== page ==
A Little Slice of Heaven

Dante's view of heaven - God as a point of light surrounded by angels

Define heaven.

Heaven, the heavens or seven heavens, is a common religious, cosmological, or transcendent place where beings such as gods, angels, jinn, saints, or venerated ancestors are said to originate, be enthroned, or to live. (wiki)

I would define it a bit different...

Heaven is a physical state of relaxation, freedom, and acceptance.

Heaven is a state of feeling comfortable, safe, and at peace.

Heaven is a state of mind - at rest and free from worry or fear.

Not so much a place where anyone, supernatural or otherwise, actually lives, but an experience. Perhaps heaven and home could be defined similarly. I guess it would depend on if you felt all those things at the place you call home. I am very fortunate and privileged to say that our home at the beach is very much those things. A sanctuary in a world that can seem like it is spinning out of control. It has been said that we create both heaven and hell in our own hearts, minds, and lives. I believe this to be true.

Time off from school is a slice of heaven, as well. However, I can never just stand completely still (although I do try!). Did you know that there are free classes from Harvard Divinity School that can be accessed online? We are embarking on a wonderful series that features each major world religion through their scriptural texts...here is the LINK, if you are interested. Another goal is to read through the texts required for my next class; currently learning about St. Francis of Assisi, and St. Benedict is on deck immediately following. Medieval Christianity is fascinating, without doubt.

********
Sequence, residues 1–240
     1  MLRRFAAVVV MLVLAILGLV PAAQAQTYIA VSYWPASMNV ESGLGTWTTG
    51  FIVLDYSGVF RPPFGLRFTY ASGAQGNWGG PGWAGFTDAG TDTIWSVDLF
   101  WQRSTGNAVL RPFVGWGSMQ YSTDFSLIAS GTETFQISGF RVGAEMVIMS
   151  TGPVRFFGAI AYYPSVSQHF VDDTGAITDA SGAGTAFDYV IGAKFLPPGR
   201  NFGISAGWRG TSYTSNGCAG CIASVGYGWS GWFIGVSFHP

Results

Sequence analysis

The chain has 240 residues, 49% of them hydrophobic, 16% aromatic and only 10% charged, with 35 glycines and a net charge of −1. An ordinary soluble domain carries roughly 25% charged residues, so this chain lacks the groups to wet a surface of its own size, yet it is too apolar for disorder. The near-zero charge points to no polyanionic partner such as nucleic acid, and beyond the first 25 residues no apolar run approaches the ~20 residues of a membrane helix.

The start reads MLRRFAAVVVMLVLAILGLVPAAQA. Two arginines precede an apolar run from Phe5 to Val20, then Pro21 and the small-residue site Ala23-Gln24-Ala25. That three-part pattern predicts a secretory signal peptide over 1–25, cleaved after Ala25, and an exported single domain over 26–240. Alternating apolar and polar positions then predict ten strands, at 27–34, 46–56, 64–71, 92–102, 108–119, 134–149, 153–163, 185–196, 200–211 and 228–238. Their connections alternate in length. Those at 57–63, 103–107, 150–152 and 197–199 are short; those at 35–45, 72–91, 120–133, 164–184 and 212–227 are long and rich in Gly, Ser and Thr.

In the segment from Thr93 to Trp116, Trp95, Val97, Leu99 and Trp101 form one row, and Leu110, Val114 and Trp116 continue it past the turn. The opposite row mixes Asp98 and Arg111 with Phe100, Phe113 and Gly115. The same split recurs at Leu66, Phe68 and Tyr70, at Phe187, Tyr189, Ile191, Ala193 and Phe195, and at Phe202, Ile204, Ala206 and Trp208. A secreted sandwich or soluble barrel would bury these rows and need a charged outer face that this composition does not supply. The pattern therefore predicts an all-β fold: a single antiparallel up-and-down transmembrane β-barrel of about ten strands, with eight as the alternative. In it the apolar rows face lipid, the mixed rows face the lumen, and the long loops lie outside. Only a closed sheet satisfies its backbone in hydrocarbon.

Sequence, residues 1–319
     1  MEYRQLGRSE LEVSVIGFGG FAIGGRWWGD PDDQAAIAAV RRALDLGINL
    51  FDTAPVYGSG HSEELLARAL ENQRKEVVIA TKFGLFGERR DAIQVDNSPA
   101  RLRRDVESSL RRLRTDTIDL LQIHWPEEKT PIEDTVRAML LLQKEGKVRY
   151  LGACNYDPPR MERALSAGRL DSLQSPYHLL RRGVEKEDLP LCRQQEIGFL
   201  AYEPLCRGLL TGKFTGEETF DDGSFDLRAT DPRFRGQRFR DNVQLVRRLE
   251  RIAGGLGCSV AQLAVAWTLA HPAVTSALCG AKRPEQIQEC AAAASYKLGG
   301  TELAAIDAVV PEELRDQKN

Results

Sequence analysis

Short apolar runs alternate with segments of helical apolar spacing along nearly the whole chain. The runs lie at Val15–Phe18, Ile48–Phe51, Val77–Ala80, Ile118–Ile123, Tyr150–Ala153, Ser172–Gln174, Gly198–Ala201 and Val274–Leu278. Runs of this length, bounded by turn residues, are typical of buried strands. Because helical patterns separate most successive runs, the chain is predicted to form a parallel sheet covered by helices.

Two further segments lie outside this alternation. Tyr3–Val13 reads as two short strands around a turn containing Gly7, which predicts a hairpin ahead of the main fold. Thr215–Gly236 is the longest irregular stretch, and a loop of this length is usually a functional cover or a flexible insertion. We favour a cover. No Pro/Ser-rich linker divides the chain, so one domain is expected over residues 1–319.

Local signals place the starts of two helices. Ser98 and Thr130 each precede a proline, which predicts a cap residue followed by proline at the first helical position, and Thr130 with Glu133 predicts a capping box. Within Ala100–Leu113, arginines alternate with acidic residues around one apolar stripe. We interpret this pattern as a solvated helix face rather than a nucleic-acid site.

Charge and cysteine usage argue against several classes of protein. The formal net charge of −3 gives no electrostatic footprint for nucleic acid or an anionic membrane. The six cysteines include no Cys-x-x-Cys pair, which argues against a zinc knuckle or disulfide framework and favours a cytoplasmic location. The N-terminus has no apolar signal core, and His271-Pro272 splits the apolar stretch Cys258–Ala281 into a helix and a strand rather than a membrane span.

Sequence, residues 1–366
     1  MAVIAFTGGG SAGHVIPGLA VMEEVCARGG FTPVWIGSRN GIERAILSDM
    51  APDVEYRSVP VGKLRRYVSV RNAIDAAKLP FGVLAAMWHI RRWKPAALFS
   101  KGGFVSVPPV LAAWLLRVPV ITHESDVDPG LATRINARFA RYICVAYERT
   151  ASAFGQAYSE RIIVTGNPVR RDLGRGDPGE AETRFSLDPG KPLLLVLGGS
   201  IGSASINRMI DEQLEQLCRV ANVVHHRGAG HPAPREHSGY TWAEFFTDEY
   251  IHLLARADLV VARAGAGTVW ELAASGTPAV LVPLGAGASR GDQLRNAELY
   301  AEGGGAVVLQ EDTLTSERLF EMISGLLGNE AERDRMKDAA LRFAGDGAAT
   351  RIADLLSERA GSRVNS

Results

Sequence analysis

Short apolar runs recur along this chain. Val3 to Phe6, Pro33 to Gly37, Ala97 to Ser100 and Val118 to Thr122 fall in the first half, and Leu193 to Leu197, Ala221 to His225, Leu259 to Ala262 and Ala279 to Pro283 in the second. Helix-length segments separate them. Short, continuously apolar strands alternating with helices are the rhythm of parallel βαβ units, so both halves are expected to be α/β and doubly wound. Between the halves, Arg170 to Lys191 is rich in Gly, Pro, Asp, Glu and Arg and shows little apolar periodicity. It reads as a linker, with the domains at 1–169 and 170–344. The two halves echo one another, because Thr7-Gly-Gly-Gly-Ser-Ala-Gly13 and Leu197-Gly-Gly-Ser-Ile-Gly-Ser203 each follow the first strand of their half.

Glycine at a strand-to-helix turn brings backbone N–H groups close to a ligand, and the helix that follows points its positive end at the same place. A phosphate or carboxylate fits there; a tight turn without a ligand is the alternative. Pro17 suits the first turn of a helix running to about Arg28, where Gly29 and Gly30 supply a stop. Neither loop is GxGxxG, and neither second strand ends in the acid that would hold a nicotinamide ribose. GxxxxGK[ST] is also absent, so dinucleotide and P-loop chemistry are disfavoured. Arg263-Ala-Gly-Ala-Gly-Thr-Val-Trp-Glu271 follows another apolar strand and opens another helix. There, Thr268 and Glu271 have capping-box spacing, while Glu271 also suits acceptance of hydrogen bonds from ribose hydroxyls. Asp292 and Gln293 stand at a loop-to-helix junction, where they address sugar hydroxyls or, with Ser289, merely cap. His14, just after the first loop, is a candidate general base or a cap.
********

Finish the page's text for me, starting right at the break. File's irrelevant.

Speaking of Christianity, I was doing a bit of pondering on the bit of wisdom that is (currently) featured in the sidebar:

To study the Buddha's way is to study the self;
To study the self is to transcend the self.
To transcend the self is to be enlightened by all things.
To be enlightened by all things is to remove the barrier between self and others.


First of all, Dogen, born in 1200 CE, was a was a Japanese Buddhist priest, writer, poet, philosopher, and founder of the Soto school of Zen in Japan; in fact, he promoted the sitting practice of meditation called zazen. But, really, all that is fascinating but beside the point. My pondering focused more on his words than who he was. Basically what he was saying was to study the self, to gain self-knowledge, is to transcend the self, resulting in being "enlightened by all things." Enlightenment dissolved the barriers between the dualism of 'us and them' or 'you and me.' This all reminded me very much of what St. Catherine of Siena taught; that one needed to develop a "cell of self-knowledge" in order to know and commune with God (by solitary contemplative prayer, not so unlike sitting meditation). When knowledge of self was known in relation to God, then one would understand how to fully and selflessly give love to others; in essence dissolving the barriers between you and your neighbor. Both teachers, separated by about a couple centuries, thousands of miles, and religious doctrine, were saying the same thing: one must somehow rise above self-centeredness (call it either self-knowledge or enlightenment) in order to understand the reality of ourselves, our circumstances, and the ultimate goal of giving unconditional love to others. It is in this endeavor that we truly live. 

And with that, we are back to the concept of heaven. Giving selflessly, with no motive other than to give happiness or rest to someone else, is creating heaven in ourselves, and possibly for others. Some might question whether this is even possible - can someone act without self-serving motivation? I suggest giving without any expectation of return is possible.

The sun rises without getting anything in return.
The flower smells sweet without receiving anything but a short life.
The wind carries rain to water the land,
and the birds spread seeds and give pleasure to the eyes with no pay.
I think humans can be selfless, as well;
giving without expectations of return.

I guess this is my radical idea of heaven.